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ideals does not give them. I am thinking of Comte's fantastic attempt to rejuvenate the forms of medieval cathol. icism, of Mill's posthumous essays on religion, and of the attempts, in our own times, of Pragmatism to ally itself with religion, or even to pose as the defender of man's religious interests. These things witness to some deep-seated if vague consciousness in the mind of the nineteenth century that it needs something comprehensive and inclusive, something ultimate and absolute, which the knowledge alone cherished by the mind of the Enlightenment cannot furnish.
Let us look in another quarter for an illustration and confirmation of our thesis. We are frequently reminded by critics and historians that the nineteenth century differed from the preceding two centuries in the depth and sympathy of its historical interests. Now the eighteenth century was interested in history, but its real interest pointed to the future, and not to the past. If it studied the life of the past, it was chiefly for the purpose of gaining some knowledge useful for the statesman and legislator in planning for the future. Its motive was pragmatic and utilitarian. Knowledge of the past was an instrument, useful if not indispensable, for the intelligent guidance of the future. I have said that the nineteenth century is conscious of some fundamental need not satisfied by that type of knowledge, and turns elsewhere than to knowledge for its spiritual and even intellectual guidance. Yet, in its hunger for something absolute and inclusive, it does turn eagerly to a knowledge of its own past, of the historical roots of its culture and its life. And it seeks to appropriate that world of the past, not primarily to discover laws for guiding its present conduct, but simply in order to gain spiritual and intellectual content and substance for its life. Such appropriation and possession of its own past traditions is its own justification; it seems to promise something solid, a knowledge of ends to be achieved, not merely of means and utilities, a background of values in some measure absolute and permanent, not merely things relative and pragmatic. Yet here, too, we are justified in saying that there has been disappointment and disillusion. The nineteenth century turned to the past, to find the permanent framework of human culture and human good, to find values worthy of its best loyalty. But as its historical sympathy has thus broadened, it has seen in everything human, in every ideal, every religion, every morality, a relative justification. It has tended to let intellectual indifference and detachment supplant preferential loyalty, and the discipline of yielding to an absolute Good. You remember the words I have already quoted from Renan, who best typifies this tragic union of splendid intellectual sympathy and a kind of moral indifference: “Formerly, every man had a system; he lived and died by it; now we pass successively through all systems, or better still, comprehend them all at once.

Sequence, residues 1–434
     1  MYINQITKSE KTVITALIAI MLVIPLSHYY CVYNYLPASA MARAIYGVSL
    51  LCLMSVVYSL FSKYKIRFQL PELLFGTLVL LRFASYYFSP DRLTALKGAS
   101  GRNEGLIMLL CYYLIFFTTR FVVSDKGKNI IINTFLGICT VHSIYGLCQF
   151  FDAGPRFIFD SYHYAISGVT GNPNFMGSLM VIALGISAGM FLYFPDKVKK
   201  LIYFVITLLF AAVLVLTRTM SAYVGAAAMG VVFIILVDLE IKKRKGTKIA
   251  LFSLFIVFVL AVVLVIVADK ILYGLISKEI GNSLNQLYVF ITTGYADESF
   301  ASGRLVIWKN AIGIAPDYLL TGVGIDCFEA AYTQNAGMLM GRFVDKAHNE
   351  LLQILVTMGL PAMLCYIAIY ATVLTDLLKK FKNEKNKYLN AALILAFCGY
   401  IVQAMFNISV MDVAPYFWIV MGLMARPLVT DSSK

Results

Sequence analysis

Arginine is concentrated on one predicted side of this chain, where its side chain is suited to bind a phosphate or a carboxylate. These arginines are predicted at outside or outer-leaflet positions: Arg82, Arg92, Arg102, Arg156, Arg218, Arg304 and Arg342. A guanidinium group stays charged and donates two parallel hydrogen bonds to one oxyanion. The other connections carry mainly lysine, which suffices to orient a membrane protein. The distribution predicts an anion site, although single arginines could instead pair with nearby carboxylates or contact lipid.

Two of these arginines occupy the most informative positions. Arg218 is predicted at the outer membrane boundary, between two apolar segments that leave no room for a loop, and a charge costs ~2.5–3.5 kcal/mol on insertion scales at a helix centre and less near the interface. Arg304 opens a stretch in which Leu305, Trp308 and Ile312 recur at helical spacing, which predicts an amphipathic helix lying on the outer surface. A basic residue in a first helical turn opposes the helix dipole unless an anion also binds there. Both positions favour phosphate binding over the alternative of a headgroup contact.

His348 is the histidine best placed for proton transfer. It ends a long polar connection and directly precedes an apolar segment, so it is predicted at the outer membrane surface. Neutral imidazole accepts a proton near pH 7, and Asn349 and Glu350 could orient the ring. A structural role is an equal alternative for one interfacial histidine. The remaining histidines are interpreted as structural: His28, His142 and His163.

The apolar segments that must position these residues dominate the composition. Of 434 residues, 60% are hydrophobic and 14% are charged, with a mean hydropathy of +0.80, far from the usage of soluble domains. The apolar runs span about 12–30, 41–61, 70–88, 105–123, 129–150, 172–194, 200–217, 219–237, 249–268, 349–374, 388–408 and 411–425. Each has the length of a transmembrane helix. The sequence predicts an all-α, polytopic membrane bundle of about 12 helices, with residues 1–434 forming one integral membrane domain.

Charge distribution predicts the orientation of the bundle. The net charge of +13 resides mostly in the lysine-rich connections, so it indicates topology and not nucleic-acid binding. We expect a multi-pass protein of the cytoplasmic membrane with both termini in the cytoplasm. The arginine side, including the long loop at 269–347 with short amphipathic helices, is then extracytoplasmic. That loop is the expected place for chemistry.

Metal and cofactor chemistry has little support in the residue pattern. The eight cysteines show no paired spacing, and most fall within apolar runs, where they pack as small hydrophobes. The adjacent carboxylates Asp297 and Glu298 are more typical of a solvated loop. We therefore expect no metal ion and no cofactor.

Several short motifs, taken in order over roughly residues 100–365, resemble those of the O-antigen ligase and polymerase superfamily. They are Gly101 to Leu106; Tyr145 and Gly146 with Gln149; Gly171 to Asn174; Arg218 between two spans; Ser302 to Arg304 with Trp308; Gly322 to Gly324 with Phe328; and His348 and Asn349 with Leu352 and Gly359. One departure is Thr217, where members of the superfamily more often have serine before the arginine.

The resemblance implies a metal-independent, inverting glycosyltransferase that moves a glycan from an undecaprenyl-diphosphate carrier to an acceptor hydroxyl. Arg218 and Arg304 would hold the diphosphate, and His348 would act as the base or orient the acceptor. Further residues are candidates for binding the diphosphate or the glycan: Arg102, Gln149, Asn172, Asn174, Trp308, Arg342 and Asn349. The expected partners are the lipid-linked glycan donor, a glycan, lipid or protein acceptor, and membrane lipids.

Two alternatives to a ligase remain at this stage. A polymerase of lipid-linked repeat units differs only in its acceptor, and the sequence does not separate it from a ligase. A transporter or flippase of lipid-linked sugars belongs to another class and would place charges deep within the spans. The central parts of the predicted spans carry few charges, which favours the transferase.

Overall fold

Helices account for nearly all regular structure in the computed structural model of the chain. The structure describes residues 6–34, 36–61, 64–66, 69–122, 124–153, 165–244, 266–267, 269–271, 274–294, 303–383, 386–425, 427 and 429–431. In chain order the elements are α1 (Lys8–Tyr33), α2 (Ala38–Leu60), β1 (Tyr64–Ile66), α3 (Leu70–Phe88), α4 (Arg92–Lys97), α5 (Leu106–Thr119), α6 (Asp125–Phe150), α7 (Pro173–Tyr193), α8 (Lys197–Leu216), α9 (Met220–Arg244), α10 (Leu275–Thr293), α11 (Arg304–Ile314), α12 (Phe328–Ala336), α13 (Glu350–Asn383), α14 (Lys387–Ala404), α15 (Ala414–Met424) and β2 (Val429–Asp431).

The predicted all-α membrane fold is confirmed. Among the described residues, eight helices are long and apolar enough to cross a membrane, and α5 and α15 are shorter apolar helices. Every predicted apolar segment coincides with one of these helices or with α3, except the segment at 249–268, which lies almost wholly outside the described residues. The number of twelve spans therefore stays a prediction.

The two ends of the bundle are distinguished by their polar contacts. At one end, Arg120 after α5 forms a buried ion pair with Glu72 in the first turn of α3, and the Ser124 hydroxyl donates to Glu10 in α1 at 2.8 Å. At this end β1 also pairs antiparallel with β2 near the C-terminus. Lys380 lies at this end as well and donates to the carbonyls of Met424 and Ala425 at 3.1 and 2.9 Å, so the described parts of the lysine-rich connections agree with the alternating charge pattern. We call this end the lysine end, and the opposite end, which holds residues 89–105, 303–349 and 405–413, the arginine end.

The nineteenth century is conscious of this dilemma, of this possibility of antagonism between the life of reason and knowledge, and the life of loyalty. Loyalty and devotion are impossible without preferences, but to have preferences and to be selective would seem inevitably to be narrow and dogmatic, exclusive in one's intellectual sympathies. It is not strange, then, that the nineteenth century should distrust knowledge, if comprehensive knowledge is incompatible with loyal devotion to something known to be good and worthy. For an age needs its loyalties, no less than an individual.
I have given some cursory indications of the sense in which it is possible to say that the nineteenth century's pervasive distrust of knowledge and intelligence, its appeal to intuition and tradition, is its way of expressing its need of another kind of knowledge than that which the Enlightenment had looked to as utterly sufficient. For men need a knowledge of the total drift of their fortunes and their enterprises, as well as a knowledge of the detailed order of nature's ways; men need a knowledge of that residual environment, of those more ultimate ends which make their various and scattered deeds intelligible and coherent. If such knowledge had been forgotten and neglected in the centuries when men were bending every energy to secure that instrumental knowledge which is power, is it any wonder, I ask, that men should turn to something else than knowledge to give them some total meaning of things without which even power itself is hollow and empty?
But in their response to the total environment of their lives, men are not long content with that which has nothing to do with knowledge. Is there not in all this looking of the nineteenth century to intuition and feeling, to instinct and tradition, a wistful longing that these things might in some fashion conceal within themselves that which is entitled to rank as knowledge! No one can doubt it. And in this wistful longing there is the echo of hopes and beliefs, of religions and philosophies, which the seventeenth and eighteenth centuries had almost forgotten, but whose fruitful synthesis with the ideals of the Enlightenment has been the task, not only of the nineteenth century, but of our own age as well.
“SIMEON OF THE PILLAR'*
I am young Simeon of the Pillar, I
I set, and know that, whatsoe'er befall, * The Phi Beta Kappa poem read at the annual meeting of the Society on May 12, 1914.
This broken, frozen, tempest-stricken flesh